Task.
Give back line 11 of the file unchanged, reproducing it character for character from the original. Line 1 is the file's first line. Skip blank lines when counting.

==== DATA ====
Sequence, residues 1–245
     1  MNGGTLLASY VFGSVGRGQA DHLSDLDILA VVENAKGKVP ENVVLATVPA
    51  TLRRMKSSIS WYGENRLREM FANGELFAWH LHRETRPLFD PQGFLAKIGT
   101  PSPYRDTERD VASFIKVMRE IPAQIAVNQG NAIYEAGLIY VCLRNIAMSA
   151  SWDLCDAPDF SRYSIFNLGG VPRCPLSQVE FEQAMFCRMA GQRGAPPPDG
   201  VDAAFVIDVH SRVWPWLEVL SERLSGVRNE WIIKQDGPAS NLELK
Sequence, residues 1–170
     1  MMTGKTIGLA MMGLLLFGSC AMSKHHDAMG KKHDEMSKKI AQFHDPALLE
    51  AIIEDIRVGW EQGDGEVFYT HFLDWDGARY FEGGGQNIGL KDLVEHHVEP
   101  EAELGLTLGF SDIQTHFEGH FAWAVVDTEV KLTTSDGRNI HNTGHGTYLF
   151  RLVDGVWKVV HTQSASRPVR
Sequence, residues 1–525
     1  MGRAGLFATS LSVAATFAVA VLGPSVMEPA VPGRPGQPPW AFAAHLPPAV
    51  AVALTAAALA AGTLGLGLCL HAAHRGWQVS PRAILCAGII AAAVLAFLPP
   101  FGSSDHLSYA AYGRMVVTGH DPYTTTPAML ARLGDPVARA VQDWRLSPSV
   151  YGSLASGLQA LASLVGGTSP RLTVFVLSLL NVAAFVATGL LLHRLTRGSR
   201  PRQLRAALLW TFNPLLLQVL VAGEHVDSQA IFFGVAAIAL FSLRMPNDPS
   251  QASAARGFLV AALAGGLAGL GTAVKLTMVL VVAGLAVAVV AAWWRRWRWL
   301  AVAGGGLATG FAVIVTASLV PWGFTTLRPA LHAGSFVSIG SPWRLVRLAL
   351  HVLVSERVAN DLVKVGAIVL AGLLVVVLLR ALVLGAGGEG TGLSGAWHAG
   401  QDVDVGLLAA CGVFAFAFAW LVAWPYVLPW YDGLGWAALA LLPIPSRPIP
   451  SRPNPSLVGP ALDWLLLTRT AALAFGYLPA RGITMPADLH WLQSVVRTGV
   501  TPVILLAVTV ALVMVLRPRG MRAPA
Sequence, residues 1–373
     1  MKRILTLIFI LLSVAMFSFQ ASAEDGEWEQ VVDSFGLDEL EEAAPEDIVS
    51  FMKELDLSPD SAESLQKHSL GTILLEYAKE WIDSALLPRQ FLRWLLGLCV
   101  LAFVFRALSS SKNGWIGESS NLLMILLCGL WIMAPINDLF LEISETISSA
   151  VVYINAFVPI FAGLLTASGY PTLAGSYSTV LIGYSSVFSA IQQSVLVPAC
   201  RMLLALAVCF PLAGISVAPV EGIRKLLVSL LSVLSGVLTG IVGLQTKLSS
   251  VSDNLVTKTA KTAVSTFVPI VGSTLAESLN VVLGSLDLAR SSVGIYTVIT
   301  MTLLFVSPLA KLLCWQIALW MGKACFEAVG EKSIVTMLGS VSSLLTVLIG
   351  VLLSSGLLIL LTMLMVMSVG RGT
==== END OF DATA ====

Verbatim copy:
   151  RLVDGVWKVV HTQSASRPVR